(UT/174) and lie "people" (Ety/369), and would therefore be formed on
        a similar model as other names of peoples and races (cf. Eldalie
        "Elves"). Anaxartar would be a plural term (here in the genitive,
        ending -on), regrouping Manwe (for the Eagles) and Yavanna (for the
        Ents), and very conceivably derived from Valarin. In particular, the
        Valarin roots *anaskâd and akasân, found in mahanaxar and acsan in
        Quenya, imply a notion of judgement and decision, and we could
        therefore perhaps interpret this term as meanin "The High Judges".

        So my own theory, at that time (remember, it was back in early 1999), was
        that Onyalie Anaxartaron was *not* a direct translation for "Of Eagles and
        Ents".

        Now, your own interpretation is rather sound and interesting, as it
        does not require involving Valarin roots...

        Whatever solution is found "more acceptable" by other scholars, there
        will remain an issue: the alternative title "Anaxartamel" on the same
        manuscript remains unexplained.

        Regards,

        Didier.

        [I have edited Didier's message to remove quite a bit of initial, and
        unnecessary, quoting of Pat's article. I have also cleaned up some line
        breaks and misspellings. I mention this because I mean to do this sort of
        tidying up when and as I can (though I can't guarantee I'll always have
        the time to do so). Also, I'm passing this message because it provides
        a glimpse at a hard-to-find (and, speaking personally, hard to read, as I
        have very little French) alternative interpretation. But this is not
        an invitation to rehearse every previous argument. Carl]
      • John Garth
        on 9/6/02 11:47 pm, Patrick Wynne at pwynne@gvtel.com wrote a fine and convincing piece on the Quenya title _Anaxartaron Onyalie_ (XI:340). My faith wavered
        Message 3 of 4 , Jun 13, 2002
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          on 9/6/02 11:47 pm, Patrick Wynne at pwynne@... wrote a fine and
          convincing piece on the Quenya title _Anaxartaron Onyalie_ (XI:340).

          My faith wavered over three points:

          (1) The idea that the ending of _anaxarta_ involves _arta_ by haplology. I
          would have thought a simple suffix -ta would be feasible.

          (2) The suggestion that _anaxartar_ might be a sub-group of _soroni_ (as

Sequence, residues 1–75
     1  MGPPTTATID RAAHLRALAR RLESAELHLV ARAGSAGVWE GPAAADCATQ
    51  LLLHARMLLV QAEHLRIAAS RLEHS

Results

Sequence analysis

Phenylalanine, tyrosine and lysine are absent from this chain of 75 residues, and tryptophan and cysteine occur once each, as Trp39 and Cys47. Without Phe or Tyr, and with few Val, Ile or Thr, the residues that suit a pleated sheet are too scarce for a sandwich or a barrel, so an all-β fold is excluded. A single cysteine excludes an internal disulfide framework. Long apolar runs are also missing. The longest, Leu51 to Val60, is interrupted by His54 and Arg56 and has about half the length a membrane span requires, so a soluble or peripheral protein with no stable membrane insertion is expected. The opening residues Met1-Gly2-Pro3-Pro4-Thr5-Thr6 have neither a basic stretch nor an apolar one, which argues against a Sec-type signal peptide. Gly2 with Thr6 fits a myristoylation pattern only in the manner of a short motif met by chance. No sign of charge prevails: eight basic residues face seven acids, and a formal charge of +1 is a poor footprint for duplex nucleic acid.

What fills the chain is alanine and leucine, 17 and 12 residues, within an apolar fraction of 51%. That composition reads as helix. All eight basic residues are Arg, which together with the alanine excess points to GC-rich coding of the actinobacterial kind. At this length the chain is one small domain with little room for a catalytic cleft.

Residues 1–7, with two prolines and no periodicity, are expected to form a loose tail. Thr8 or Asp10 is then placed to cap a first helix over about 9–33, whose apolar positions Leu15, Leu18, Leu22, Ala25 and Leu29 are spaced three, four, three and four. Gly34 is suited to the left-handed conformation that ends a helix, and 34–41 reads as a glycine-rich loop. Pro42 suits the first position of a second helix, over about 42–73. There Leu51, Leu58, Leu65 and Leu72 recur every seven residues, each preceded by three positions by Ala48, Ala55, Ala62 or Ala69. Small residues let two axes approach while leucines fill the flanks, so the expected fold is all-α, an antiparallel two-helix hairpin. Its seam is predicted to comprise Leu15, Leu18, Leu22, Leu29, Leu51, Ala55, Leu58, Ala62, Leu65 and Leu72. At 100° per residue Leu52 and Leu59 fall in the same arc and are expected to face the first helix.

opposed to a synonym). I feel there is no evidence for this either way.

          (3) It should be pointed out that _Of the Ents and the Eagles_ contains the
          name _Ezellohar_ (S:46) and is therefore one of relatively few texts where
          Tolkien indisputably made use of loanwords from Valarin as described in
          _Quendi and Eldar_, written probably three to four years previously (XI:
          341, 359). Furthermore, it is a story of the Valar before the coming of the
          Eldar. It does not seem far-fetched, therefore, to look to a Valarin
          etymology for _anaxartaron_.

          Nevertheless, I don't think any of the various the translations offered
          during the 1998 discussions (TolkLang and Elfling messages cited by Patrick)
          were particularly convincing ‹ including my own. It seems symptomatic of
          this that the most elegant attempt was a joke: Stephen Rowland's suggestion
          that _Anaxartaron Onyalie_ means "Synopsis for _The Lord of the Rings_";
          Elfling message 148. Nor did anyone offer an explanation of why Tolkien
          would decide to call the story one thing in English and another in Quenya.

          A literary point can be made in favour of Patrick's interpretation of
          _anaxarta_ as a word for the Eagles of Manwe. This is Thorondor's key
          moment, as described in S:154:

          "And Morgoth took the body of the Elven-king [Fingolfin] and broke it, and
          would cast it to the wolves; but Thorondor came hasting from his eyrie among
          the peaks of the Crissaegrim, and he stooped upon Morgoth and marred his
          face. The rushing of the wings of Thorondor was like the noise of the winds
          of Manwe...."

          Here are Gwaihir and his kin at the Black Gate (LR:927):

          "Straight down upon the Nazgûl they bore, stooping suddenly out of the high
          airs, and the rush of their wide wings as they passed over was like a gale."

          And here is the first appearance of the Great Eagles in Tolkien's work, when
          they aid the fleeing Gnomes in _The Fall of Gondolin_ (II:193):

          "Thereupon there was a rushing like a great wind in rocky places, and the
          Thornhoth, the people of the Eagles, fell on those Orcs who had scaled above
          the path, and tore their faces and their hands and flung them to the rocks
          of Thorn Sir far below."

          Rushing and rending, therefore, are at the very heart of Tolkien's abiding
          image of the Eagles of Manwe.

          John Garth